Report on Lopevi (Vanuatu) — 10 December-16 December 2014
Smithsonian / US Geological Survey Weekly Volcanic Activity Report, 10 December-16 December 2014
Managing Editor: Sally Kuhn Sennert
Please cite this report as:
Global Volcanism Program, 2014. Report on Lopevi (Vanuatu). In: Sennert, S K (ed.), Weekly Volcanic Activity Report, 10 December-16 December 2014. Smithsonian Institution and US Geological Survey.
16.507°S, 168.346°E; summit elev. 1413 m
All times are local (unless otherwise noted)
On 15 December the Vanuatu Geohazards Observatory reported that, based on observations and analyses in early December, activity at Lopevi had increased dramatically over a short time period. The Alert Level was raised to 1 (on a scale of 0-4), and access to the island was prohibited.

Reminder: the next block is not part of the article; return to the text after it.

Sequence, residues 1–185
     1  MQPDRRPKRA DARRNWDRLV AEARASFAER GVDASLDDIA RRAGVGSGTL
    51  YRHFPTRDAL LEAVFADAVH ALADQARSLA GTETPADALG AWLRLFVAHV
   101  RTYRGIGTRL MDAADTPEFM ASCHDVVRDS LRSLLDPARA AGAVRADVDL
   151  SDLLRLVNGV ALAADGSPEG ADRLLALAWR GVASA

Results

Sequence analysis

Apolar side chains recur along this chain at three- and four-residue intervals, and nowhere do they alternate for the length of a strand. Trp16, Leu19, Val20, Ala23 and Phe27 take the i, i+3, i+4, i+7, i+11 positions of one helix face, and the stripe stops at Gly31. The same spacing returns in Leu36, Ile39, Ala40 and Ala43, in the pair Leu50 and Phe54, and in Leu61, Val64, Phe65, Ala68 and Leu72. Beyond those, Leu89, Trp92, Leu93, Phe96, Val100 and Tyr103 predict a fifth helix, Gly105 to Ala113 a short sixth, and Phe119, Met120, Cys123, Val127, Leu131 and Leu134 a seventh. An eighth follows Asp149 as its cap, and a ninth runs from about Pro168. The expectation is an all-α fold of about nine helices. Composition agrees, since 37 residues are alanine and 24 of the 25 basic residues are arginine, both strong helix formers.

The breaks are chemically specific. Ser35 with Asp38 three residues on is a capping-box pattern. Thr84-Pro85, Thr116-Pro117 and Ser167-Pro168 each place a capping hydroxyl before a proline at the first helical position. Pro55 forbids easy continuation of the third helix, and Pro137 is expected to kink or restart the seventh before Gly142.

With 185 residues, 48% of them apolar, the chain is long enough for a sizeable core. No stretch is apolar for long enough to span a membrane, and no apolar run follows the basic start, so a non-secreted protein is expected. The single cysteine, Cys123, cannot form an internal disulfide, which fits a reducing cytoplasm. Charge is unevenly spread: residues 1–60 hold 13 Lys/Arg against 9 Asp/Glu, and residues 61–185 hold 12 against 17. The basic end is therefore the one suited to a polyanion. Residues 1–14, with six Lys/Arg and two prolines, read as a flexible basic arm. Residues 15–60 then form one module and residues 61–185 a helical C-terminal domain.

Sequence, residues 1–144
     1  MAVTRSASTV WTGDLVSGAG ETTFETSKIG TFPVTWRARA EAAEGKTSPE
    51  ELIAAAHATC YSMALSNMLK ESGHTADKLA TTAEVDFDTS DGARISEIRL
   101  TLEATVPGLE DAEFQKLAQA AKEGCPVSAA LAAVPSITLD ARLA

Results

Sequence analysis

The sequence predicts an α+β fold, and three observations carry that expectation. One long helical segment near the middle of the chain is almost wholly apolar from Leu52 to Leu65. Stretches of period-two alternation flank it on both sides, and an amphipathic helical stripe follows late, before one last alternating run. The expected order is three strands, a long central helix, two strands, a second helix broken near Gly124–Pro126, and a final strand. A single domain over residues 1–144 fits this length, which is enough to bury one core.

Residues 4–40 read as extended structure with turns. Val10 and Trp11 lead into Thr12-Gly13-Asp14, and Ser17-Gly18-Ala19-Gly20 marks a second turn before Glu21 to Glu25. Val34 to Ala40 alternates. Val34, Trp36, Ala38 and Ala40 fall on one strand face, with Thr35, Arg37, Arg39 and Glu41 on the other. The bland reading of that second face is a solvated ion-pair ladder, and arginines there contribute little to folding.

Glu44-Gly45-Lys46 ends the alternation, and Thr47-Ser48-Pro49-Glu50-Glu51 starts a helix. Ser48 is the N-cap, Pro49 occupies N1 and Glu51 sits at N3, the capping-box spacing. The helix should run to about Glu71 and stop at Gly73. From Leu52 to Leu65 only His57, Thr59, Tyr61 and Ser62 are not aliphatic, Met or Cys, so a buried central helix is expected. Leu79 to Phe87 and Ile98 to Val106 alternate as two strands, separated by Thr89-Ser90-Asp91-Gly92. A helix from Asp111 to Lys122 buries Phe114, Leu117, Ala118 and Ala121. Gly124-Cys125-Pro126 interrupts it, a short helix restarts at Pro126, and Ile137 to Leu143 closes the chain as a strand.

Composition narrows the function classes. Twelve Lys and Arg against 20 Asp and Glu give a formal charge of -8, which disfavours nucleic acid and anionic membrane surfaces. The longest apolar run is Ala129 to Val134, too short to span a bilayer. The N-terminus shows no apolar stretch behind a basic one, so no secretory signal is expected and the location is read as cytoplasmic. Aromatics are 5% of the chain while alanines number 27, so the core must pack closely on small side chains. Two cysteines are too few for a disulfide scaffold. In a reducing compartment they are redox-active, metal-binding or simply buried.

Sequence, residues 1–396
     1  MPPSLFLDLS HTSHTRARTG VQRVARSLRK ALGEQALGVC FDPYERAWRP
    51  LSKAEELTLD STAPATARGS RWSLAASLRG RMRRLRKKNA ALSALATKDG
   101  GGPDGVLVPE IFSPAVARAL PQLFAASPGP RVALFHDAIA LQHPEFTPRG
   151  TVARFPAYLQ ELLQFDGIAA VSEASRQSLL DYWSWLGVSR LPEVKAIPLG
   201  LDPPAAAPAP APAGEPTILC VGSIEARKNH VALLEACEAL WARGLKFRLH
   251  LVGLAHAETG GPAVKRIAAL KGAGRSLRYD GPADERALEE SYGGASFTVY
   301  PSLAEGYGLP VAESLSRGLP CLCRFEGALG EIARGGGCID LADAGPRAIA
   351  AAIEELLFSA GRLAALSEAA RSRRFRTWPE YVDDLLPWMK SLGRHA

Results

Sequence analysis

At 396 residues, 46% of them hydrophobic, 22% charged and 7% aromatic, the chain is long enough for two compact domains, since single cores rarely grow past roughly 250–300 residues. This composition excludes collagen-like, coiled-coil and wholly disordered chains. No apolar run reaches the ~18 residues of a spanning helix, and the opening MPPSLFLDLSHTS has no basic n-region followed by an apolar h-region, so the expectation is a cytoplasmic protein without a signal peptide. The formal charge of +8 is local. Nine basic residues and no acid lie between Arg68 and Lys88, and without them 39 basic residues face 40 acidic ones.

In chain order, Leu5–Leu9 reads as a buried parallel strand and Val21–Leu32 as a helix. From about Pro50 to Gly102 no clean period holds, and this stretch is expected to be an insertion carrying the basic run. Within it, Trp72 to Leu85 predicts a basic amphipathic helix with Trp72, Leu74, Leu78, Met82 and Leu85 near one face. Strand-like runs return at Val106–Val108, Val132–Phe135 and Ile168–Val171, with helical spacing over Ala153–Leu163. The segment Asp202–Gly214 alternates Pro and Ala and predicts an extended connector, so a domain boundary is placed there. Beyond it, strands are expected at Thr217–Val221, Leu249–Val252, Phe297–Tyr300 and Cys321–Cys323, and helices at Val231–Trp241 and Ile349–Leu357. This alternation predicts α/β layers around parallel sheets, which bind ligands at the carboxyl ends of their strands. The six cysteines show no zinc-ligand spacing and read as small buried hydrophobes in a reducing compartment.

Geologic Background. The small 7-km-wide conical island of Lopevi, known locally as Vanei Vollohulu, is one of Vanuatu's most active volcanoes. A small summit crater containing a cinder cone is breached to the NW and tops an older cone that is rimmed by the remnant of a larger crater. The basaltic-to-andesitic volcano has been active during historical time at both summit and flank vents, primarily along a NW-SE-trending fissure that cuts across the island, producing moderate explosive eruptions and lava flows that reached the coast. Historical eruptions at the 1413-m-high volcano date back to the mid-19th century. The island was evacuated following major eruptions in 1939 and 1960. The latter eruption, from a NW-flank fissure vent, produced a pyroclastic flow that swept to the sea and a lava flow that formed a new peninsula on the western coast.